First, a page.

The last round of chemo ended with a bang. But not the good kind of bang. It included kidney failure (reversible when caused by chemo, thank goodness), colitis, and a severe rejection of her anti-fungal medicine for her liver which included vomitting every 2 hours and 6-8 bouts of diarrhea each day. All in all a 22 day stay including several days in the ICU. We honestly would have said NO if there were a Round 7. Her body had undeniably reached it’s limit. What makes this all SO MUCH WORSE is that there was nothing gained from nearly killing her (more than once) from this poisonous chemo sludge. We kept at it these past 7 months because there was always the chance that it would shrink the tumor after one more round, one more variation on the chemical combos- and because the tumor itself will eventually kill her if we can’t get rid of it. Photos and testimonials of other little brain cancer survivors who endured even worse (if you can imagine), made it through treatment and recovered some of their previous health were what kept us going. Sophie can be a survivor too and we have to try everything to fight for her life- as painful as the process is for all of us. We are so glad to be done with this intense portion of her treatment and are actually looking forward to the “break” she will get while undergoing proton beam radiation in Philadelphia next.
The kidney failure made her so unquechably thirsty that her sippy cup became her new comfort object:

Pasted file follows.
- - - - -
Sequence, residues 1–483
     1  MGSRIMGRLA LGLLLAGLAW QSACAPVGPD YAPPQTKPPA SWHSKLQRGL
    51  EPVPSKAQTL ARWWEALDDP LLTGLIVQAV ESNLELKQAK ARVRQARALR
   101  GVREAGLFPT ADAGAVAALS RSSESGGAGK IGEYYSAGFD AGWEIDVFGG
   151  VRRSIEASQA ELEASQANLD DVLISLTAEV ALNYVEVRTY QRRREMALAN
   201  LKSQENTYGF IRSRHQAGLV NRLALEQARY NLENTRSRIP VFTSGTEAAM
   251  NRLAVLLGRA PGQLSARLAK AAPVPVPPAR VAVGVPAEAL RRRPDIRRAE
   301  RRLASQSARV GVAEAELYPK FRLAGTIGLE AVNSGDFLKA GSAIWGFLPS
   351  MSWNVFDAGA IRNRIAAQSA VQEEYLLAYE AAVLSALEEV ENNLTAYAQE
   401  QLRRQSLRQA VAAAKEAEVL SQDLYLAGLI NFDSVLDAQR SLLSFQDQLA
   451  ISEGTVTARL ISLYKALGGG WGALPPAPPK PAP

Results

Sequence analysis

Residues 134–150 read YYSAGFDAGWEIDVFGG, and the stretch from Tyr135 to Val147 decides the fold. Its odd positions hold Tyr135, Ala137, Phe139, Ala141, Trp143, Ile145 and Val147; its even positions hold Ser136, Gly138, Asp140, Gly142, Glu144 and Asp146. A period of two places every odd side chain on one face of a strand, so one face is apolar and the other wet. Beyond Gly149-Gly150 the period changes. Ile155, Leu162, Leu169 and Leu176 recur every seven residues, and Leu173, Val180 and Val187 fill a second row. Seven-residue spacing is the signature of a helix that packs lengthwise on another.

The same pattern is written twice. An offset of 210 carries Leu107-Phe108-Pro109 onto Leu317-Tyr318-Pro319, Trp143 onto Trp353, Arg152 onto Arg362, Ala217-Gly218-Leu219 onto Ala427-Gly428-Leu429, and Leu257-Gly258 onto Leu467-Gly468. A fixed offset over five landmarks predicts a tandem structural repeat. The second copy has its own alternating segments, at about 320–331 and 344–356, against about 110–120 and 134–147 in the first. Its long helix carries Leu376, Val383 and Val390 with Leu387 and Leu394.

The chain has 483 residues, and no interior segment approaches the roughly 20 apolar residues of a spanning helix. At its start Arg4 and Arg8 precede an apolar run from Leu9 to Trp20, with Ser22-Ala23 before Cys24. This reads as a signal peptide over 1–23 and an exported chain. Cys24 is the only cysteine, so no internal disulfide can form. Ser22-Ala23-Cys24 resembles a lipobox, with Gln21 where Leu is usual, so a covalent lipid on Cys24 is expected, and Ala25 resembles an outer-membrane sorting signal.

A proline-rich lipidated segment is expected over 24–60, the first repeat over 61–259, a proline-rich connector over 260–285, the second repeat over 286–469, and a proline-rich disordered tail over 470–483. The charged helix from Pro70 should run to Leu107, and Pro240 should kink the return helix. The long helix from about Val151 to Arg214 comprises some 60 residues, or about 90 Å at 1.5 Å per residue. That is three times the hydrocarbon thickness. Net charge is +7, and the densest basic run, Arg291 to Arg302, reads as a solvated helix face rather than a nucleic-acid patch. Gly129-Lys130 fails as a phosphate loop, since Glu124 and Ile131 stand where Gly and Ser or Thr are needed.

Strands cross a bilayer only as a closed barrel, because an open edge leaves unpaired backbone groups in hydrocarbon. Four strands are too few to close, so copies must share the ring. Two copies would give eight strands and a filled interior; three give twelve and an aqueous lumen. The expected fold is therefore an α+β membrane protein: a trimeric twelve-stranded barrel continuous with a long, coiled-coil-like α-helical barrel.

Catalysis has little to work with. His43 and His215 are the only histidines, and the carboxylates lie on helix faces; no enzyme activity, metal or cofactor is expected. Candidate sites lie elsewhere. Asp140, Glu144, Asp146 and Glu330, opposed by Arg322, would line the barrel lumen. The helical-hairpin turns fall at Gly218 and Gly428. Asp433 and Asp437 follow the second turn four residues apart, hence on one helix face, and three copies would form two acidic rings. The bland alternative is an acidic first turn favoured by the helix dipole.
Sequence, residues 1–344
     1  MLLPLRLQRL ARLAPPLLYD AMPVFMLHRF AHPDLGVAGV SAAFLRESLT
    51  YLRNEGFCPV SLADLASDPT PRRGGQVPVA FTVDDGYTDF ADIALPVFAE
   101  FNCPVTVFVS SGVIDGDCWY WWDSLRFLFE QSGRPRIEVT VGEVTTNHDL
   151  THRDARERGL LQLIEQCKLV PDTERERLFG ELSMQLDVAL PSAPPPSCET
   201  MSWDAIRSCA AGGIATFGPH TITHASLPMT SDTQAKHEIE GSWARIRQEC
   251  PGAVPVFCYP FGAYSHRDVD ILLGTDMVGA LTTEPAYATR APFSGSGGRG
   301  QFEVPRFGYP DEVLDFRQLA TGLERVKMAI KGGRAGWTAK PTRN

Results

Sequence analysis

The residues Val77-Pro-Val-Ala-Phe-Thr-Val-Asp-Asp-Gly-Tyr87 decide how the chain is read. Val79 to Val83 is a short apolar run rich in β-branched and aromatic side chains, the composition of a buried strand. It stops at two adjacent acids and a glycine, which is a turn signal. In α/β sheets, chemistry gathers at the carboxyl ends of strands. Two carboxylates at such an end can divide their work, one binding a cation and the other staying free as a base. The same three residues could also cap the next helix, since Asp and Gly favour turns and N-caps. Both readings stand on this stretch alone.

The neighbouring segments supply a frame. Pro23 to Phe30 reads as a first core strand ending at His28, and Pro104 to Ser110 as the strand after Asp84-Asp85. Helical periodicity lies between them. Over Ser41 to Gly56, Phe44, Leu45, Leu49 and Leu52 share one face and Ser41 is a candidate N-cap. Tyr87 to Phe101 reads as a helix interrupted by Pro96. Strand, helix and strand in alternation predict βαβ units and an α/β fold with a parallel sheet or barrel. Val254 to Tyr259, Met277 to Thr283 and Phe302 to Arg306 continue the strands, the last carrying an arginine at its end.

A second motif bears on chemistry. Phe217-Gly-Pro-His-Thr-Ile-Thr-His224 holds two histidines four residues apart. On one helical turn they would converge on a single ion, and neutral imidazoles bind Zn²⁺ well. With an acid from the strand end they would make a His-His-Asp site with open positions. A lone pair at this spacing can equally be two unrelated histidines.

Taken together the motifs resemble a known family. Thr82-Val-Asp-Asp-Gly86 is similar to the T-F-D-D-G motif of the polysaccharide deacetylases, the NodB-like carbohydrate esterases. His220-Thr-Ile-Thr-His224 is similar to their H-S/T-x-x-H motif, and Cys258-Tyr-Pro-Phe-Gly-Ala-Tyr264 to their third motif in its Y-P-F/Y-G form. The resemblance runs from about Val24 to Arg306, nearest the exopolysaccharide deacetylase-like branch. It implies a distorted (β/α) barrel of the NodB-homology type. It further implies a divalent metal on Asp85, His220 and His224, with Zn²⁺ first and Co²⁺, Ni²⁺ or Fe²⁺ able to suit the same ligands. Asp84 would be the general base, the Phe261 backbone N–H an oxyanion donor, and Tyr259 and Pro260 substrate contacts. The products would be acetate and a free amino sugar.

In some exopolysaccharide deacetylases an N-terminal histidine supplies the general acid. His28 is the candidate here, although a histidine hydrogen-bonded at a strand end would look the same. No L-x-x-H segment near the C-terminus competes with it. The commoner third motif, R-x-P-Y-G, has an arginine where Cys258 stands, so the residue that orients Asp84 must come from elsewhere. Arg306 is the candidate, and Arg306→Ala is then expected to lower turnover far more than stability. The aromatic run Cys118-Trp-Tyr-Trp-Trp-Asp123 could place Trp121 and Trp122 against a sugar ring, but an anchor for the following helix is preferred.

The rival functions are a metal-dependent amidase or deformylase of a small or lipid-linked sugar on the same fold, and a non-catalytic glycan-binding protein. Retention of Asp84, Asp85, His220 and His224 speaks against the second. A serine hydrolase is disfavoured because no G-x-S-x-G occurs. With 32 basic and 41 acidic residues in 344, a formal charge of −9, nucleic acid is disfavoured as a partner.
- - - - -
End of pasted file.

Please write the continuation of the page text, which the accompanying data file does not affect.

Luckily Sophie is one tough kid and as soon as she was no longer in renal failure (and simply had elevated blood lab values that could cause problems if not managed carefully), she began playing again:
Every time Laith and I switched places and it was his turn to care for Sophie and my turn to spend time with Lucas, we went on outings. We both needed to get out and distract ourselves from the stress.
Unfortunately this outing to the bounce house didn’t end well…Lucas broke his ulna. Even though it was fractured clear through and was displaced by a millimeter, he only needed a removable arm splint.Back at the hospital: Sophie is feeling better and was moved to a room in a quieter wing. On July 4th, some soldiers came to distribute “medals of bravery” to the little kids spending the holiday in the hospital. Sophie somehow knew these guys were something special and was pretty excited about the visit and the medal. Later we had a fun visit with the Moore family. Sophie was so happy to have friends in her room!
Welcome home, Junie!